So at the same time there are reports of Iran using loopholes in the agreement to get all kinds of new commerce going, we know there are Japanese, Indian, Chinese, Russian, even European concerns that are talking with Iran about a wide range of relations. They know the sanctions have been weakened. And Obama speaks as if he can turn them on at will. He can't.

And for Obama to take the side of the Mullahs against the Congress, if he was really was serious about this, then why wouldn't he use the fact that Congress is being tough and say the Congress is the bad cop. You go to the Iranians and say, "I'm trying to be reasonable, but the Congress is out of control, they want to wreck your economy unless you shut down your program. I can't hold them back. So are you going to negotiate seriously or not?"

But instead of doing that, he's arguing with the Mullahs against the Congress, and that shows to me a total lack of seriousness, which is what the Gulf Arabs and the Israelis have seen at the beginning of the process.  The president is simply not serious, and the Iranians know it as well.

BREAM: How much do you think this situation could play out as we saw with Syria? The president appeared ready to move. There was strong congressional pushback and it became bipartisan, and at some point it did stop the movement that it appeared the administration was going to be taking in Syria. Do you think there is any chance this happens with respect to Iran, the same kind of thing, a Capitol Hill check in the White House?

REILLY: It looks bad. It looks bad in the region for our allies. It looks like we leave them out to dry or hanging out to dry. It is a thumb in the eye, as Charles said. It is done very publicly, and I think it sends a signal to other adversaries in the region. Everyone knows, as Senator Menendez said, the Iranians are not enriching for peaceful purposes. They want to continue to be a menace in the Middle East. And that is what this agreement allowed them to do. It is what Netanyahu and the Israelis pointed in the beginning. This is what the critics of the deal said at the beginning, and it is what is coming to fore here.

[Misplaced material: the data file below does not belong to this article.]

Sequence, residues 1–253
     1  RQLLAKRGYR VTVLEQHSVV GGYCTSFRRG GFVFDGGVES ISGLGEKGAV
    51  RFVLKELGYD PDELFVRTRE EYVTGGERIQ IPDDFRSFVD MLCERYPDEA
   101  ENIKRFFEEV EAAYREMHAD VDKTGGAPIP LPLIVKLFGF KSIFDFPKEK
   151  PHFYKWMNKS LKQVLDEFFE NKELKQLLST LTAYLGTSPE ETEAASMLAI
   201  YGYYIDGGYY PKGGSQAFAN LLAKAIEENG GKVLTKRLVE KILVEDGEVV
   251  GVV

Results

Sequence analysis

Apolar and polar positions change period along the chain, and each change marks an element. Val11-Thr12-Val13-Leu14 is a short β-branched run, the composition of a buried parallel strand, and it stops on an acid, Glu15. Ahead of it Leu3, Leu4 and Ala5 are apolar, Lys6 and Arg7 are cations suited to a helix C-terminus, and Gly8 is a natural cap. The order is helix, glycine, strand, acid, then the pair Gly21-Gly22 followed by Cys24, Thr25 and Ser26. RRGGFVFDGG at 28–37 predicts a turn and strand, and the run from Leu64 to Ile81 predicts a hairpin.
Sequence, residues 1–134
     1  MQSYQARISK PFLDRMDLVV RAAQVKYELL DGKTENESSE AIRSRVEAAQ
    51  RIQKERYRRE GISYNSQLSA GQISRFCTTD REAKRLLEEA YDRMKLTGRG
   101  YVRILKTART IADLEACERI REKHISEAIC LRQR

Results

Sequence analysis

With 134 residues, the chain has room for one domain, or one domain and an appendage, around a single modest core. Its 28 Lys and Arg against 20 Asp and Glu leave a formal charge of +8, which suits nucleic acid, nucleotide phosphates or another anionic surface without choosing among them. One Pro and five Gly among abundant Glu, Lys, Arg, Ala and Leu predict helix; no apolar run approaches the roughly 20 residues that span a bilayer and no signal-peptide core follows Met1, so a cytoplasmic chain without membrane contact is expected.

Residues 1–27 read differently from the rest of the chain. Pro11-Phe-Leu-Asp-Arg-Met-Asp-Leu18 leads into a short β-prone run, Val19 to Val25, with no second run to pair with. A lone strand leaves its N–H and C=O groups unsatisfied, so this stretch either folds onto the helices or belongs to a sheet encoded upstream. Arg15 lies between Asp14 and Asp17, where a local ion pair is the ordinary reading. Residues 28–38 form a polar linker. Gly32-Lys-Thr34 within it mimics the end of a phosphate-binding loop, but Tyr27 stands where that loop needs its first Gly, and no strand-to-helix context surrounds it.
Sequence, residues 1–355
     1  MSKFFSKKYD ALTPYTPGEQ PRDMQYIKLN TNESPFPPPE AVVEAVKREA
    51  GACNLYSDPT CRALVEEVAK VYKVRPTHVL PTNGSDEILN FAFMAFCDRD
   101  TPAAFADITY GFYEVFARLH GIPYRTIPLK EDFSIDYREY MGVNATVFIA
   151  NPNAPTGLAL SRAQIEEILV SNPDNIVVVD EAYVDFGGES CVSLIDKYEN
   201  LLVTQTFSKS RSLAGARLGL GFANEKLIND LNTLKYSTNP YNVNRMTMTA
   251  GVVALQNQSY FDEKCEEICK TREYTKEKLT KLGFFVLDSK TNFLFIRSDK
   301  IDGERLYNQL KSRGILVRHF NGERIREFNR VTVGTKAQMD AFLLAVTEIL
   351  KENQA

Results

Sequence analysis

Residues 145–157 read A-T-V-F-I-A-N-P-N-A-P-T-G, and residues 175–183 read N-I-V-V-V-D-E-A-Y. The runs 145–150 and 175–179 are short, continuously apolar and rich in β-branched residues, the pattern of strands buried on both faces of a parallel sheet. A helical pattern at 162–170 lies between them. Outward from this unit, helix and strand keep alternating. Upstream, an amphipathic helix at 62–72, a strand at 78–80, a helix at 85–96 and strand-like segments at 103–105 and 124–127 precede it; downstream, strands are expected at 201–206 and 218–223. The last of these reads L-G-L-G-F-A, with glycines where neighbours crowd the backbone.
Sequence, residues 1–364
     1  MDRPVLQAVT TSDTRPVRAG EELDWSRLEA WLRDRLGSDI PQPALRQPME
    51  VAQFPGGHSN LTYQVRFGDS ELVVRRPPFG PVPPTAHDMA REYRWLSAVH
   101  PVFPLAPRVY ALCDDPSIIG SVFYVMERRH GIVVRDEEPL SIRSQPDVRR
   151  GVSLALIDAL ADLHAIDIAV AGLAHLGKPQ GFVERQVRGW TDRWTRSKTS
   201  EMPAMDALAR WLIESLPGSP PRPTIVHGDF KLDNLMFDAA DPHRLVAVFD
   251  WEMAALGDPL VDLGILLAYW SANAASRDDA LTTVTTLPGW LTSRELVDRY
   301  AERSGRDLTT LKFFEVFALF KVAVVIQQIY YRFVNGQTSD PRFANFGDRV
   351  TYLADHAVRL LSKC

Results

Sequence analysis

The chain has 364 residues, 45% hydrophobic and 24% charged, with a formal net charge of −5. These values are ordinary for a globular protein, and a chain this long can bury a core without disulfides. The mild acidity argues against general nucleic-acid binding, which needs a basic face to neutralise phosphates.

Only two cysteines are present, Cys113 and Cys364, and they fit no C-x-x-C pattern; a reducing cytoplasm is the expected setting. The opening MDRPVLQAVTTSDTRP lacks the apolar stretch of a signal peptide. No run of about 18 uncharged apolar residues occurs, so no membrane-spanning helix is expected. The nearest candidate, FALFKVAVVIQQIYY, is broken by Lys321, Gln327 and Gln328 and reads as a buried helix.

BREAM: And speaking from Israel, the embassy today really pushing back and saying they is what we have to do. They have to stop the enrichment, they have to remove all the enriched uranium, remove the infrastructure to enrich uranium, and remove the heavy water reactor, which is key here to the plutonium route to the bomb. That is Israel's feeling on what they heard today. Kirsten?

POWERS: The administration's position is that they think this is the only way to really get Iran to not build a nuclear weapon. Obviously the administration knows that they are not doing it for peaceful means. They know what they are trying to do. And they feel that give them six months to do this and then if you want to pass a bill with sanctions, you can do it quickly, the president could sign it, but at least you have to give the president the chance to have these six months. The argument against that, of course, is that is six months in which they can enrich uranium and they get closer to having a bomb.

KRAUTHAMMER: And the six months itself is a very soft target. If you look at the agreement, it's a floating deadline. There is nothing hard.  The administration has now had a month into this agreement and it hasn't even negotiated. Nothing is happening. There is no urgency. Everybody understands this is nothing but a fig leaf. And that's why the allies are panicked.

BREAM: We'll leave it there.